Grieving for Post-Election America: Time to Take a Breather

The election of Donald Trump has been like the loss of a loved one. It is possible to go about one’s daily routine, doing normal things, thinking one’s accustomed thoughts, making plans consistent with a normal life – when suddenly it hits! – Trump has been elected President of the USA and nothing is the same.

Yesterday (12/20/16) it stuck me how much our (I refer to myself and my fellow progressives) reaction to the election and its aftermath corresponds to the five stages of grieving that were described by Elizabeth Kübler-Ross in her book On Death and Dying.  Kübler-Ross proposed that the process of facing one’s death involved five by now well-known “stages:” denial, anger, bargaining, depression, and acceptance. This model has been applied to various grief experiences, from loss through death to loss through the breakup of a relationship.

I don’t accept this model beyond its value as a metaphor. In fact, for years critics have pointed out the flaws in the model (for example here, and here). But, as metaphor, these components of the grieving process are useful in describing my observations about the state of the progressive community. It is also a useful way to explain my present approach to the emerging political situation.

My initial thought about this metaphor came the day after the Electoral College confirmed Trump’s election. It was the day before the Winter Solstice and the longest night of the year. I thought of the Electoral College vote as the end of the bargaining stage. Progressives (including me) had signed petitions asking electors to withhold their votes from Trump for the good of the country. Or, at least, they should wait until his numerous conflicts of interest were investigated (by the Republican-controlled Congress!) and his tax returns were surrendered and scrutinized. This slimmest of slim hopes faded away and the ascendancy of Trump was sealed.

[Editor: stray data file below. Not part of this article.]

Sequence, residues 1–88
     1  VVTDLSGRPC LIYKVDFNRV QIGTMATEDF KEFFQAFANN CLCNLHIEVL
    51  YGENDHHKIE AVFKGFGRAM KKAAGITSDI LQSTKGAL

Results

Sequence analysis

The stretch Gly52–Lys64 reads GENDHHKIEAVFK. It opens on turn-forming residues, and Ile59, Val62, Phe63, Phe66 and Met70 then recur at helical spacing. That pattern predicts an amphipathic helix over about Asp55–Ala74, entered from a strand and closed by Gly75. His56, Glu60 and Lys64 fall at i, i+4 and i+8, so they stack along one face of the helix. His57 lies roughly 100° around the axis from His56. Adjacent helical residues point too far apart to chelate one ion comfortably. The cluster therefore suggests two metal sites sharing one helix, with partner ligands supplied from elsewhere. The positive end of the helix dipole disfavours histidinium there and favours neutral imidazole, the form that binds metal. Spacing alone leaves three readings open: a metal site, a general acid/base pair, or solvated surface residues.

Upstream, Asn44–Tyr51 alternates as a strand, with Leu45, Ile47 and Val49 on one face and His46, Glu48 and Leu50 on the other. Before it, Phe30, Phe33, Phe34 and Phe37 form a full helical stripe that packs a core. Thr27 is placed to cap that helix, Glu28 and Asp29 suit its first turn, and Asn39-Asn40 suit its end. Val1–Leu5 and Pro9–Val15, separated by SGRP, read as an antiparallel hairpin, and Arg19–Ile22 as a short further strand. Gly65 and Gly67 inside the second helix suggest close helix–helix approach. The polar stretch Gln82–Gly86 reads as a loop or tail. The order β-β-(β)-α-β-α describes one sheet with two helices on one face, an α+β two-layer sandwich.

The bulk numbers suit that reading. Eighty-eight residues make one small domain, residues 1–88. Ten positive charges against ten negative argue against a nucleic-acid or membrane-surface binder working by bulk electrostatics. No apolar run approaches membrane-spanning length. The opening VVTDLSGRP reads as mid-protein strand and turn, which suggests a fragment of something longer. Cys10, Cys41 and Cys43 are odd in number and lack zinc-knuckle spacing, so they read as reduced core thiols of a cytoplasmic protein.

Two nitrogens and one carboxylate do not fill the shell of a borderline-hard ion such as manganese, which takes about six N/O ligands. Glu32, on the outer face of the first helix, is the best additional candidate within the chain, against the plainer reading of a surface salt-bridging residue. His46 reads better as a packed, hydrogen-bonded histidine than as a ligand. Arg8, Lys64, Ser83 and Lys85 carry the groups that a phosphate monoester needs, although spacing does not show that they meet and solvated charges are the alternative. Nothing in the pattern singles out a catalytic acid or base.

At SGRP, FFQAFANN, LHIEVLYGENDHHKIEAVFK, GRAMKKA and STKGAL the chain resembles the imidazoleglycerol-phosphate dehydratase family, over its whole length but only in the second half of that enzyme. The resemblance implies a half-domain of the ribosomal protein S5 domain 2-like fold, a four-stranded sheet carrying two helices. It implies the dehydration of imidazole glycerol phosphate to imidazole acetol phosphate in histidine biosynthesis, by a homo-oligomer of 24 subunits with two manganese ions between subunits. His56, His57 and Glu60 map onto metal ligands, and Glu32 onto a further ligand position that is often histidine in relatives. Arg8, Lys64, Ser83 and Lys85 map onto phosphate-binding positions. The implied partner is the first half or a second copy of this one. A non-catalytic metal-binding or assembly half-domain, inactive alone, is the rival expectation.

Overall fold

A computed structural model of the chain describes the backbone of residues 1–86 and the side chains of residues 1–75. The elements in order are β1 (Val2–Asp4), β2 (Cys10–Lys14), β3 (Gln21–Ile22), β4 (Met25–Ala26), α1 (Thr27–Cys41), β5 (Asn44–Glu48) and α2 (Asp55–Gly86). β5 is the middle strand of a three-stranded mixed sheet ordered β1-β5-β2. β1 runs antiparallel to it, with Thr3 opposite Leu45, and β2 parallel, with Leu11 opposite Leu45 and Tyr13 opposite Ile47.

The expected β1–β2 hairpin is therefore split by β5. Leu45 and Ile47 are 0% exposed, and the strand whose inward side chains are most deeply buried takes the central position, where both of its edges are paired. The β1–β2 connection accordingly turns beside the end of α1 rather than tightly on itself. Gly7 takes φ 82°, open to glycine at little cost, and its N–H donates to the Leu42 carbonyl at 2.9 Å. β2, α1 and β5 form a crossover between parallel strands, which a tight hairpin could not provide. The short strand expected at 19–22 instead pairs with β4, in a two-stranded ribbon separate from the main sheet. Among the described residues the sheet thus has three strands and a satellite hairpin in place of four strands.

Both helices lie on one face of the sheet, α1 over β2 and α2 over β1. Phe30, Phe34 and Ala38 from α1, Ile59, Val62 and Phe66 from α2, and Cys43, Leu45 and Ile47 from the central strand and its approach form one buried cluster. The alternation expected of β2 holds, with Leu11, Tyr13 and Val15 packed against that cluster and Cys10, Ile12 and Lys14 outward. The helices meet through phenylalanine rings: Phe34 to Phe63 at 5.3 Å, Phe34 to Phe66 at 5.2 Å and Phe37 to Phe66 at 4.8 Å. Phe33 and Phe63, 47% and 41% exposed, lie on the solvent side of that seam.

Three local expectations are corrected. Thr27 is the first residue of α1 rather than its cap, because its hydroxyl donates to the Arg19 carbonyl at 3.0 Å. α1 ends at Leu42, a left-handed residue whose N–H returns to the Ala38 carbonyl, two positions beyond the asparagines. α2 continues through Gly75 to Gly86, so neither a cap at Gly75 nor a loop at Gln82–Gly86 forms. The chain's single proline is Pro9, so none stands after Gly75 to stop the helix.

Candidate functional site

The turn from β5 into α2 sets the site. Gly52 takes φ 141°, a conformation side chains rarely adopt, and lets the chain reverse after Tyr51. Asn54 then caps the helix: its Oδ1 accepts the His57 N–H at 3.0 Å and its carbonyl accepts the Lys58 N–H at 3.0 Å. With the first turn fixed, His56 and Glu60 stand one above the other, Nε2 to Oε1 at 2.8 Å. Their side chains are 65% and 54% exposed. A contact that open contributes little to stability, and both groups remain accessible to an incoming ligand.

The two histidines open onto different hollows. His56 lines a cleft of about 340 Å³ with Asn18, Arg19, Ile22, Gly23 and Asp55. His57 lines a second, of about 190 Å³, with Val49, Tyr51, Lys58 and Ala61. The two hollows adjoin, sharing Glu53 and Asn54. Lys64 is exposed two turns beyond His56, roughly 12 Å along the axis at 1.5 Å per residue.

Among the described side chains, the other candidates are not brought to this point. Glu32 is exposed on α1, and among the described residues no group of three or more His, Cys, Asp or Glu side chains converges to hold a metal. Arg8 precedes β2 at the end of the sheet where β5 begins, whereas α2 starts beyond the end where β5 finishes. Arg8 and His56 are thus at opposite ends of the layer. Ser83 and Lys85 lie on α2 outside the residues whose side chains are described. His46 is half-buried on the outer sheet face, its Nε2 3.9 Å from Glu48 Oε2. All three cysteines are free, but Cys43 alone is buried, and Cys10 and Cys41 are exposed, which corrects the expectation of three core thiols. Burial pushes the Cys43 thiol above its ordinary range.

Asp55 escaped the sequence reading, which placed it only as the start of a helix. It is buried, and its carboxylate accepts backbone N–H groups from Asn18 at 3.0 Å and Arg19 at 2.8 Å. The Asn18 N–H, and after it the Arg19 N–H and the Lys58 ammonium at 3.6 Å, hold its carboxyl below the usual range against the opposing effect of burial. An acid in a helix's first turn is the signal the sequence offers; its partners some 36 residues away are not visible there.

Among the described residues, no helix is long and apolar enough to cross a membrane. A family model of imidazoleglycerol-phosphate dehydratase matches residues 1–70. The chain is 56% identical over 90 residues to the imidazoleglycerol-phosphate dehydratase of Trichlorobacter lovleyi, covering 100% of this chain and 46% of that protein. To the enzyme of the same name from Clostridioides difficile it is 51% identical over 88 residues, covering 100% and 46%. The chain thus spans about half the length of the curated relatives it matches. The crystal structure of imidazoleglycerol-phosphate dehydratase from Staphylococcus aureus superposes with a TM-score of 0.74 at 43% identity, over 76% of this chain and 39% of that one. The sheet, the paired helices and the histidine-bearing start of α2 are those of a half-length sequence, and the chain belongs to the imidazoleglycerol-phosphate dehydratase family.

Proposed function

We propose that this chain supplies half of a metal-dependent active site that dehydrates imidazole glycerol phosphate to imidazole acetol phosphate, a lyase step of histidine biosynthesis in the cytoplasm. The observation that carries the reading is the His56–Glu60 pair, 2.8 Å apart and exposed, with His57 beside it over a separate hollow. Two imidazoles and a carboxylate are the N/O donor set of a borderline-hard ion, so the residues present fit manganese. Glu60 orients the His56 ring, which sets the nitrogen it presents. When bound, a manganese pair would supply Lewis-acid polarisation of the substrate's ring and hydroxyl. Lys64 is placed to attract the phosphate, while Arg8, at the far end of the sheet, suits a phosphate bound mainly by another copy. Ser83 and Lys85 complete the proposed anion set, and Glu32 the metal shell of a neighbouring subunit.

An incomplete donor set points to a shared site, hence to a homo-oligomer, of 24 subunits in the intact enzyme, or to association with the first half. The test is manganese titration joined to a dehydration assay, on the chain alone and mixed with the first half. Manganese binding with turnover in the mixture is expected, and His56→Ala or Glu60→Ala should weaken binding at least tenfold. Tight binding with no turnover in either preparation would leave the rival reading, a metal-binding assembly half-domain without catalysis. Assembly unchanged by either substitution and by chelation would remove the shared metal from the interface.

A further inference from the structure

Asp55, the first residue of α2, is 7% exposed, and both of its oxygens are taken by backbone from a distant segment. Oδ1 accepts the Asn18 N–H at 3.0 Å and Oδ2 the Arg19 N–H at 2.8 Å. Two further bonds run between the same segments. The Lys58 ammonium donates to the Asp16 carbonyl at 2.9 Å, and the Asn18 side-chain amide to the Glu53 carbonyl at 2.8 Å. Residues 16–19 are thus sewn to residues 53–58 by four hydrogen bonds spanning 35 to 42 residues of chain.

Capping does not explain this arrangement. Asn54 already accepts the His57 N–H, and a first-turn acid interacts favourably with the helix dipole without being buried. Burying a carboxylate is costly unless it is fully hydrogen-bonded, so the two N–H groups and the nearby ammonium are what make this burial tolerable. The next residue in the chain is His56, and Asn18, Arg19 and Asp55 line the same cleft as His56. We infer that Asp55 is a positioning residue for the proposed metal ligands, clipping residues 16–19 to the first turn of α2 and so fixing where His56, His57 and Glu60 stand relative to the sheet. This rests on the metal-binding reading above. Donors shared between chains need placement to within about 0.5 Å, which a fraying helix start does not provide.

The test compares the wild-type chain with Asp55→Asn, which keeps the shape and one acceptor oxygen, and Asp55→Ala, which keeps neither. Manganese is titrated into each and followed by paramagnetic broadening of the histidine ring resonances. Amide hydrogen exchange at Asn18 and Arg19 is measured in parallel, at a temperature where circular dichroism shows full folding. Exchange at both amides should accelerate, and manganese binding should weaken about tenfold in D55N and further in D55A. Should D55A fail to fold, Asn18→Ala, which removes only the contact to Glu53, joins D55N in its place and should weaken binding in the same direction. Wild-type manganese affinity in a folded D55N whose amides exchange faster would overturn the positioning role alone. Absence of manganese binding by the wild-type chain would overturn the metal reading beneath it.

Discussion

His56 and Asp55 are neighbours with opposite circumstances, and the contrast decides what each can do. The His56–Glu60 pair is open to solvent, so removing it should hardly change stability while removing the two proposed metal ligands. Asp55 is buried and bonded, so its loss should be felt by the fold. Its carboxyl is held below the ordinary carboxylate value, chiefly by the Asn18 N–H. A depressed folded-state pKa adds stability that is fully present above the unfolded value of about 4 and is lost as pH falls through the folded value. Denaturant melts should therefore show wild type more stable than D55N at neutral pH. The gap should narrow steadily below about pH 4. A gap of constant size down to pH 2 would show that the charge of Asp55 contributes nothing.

Enter depression. But, as scholars have pointed out, these hypothetical stages don’t follow some linear order. There’s still a lot of anger, often in response to the hatred spewed by Trump’s cult followers. There’s denial, often in the form of avoidance, as if not talking about it will make it go away.

I expect that “acceptance” in some form will come with Trump’s inauguration. He will be President. Congress will hold hearings on his cabinet appointments. And we can begin the work of resistance in earnest.

But for now, I’m taking a breather. In the past couple of weeks, I’ve slowed down my letter writing and petition signing. I’ve mostly stopped listening to my favorite progressive talk radio station (WCPT – 820 AM) because I’m tired of everyone talking about how terrible it’s going to be and how awful Trump’s appointments are and how our democracy is hanging by a thread. (Stop telling me what I already know!)

We have to act. But right now, we’re running in circles with our hair on fire. So, I’m taking a break. To regain my focus. To replenish my creative energies. To look at the big picture, but also at the objects and spaces that make up the big picture.

Soon, I’ll resume writing. And I’ll resume the struggle.